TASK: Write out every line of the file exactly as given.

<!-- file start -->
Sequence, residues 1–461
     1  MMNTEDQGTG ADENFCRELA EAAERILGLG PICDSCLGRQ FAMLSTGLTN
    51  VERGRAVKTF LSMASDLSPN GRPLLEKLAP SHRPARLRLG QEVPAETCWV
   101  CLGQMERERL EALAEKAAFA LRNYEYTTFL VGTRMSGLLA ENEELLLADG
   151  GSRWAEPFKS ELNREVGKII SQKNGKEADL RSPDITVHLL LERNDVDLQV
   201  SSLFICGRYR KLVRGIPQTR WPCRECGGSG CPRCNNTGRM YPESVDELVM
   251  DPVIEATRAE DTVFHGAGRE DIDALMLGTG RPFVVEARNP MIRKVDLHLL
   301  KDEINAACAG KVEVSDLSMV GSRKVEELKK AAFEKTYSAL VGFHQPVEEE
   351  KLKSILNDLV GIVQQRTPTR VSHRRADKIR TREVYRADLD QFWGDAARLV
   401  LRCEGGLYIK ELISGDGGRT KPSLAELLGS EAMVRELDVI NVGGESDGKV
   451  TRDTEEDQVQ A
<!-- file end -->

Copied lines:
Sequence, residues 1–461
     1  MMNTEDQGTG ADENFCRELA EAAERILGLG PICDSCLGRQ FAMLSTGLTN
    51  VERGRAVKTF LSMASDLSPN GRPLLEKLAP SHRPARLRLG QEVPAETCWV
   101  CLGQMERERL EALAEKAAFA LRNYEYTTFL VGTRMSGLLA ENEELLLADG
   151  GSRWAEPFKS ELNREVGKII SQKNGKEADL RSPDITVHLL LERNDVDLQV
   201  SSLFICGRYR KLVRGIPQTR WPCRECGGSG CPRCNNTGRM YPESVDELVM
   251  DPVIEATRAE DTVFHGAGRE DIDALMLGTG RPFVVEARNP MIRKVDLHLL
   301  KDEINAACAG KVEVSDLSMV GSRKVEELKK AAFEKTYSAL VGFHQPVEEE
   351  KLKSILNDLV GIVQQRTPTR VSHRRADKIR TREVYRADLD QFWGDAARLV
   401  LRCEGGLYIK ELISGDGGRT KPSLAELLGS EAMVRELDVI NVGGESDGKV
   451  TRDTEEDQVQ A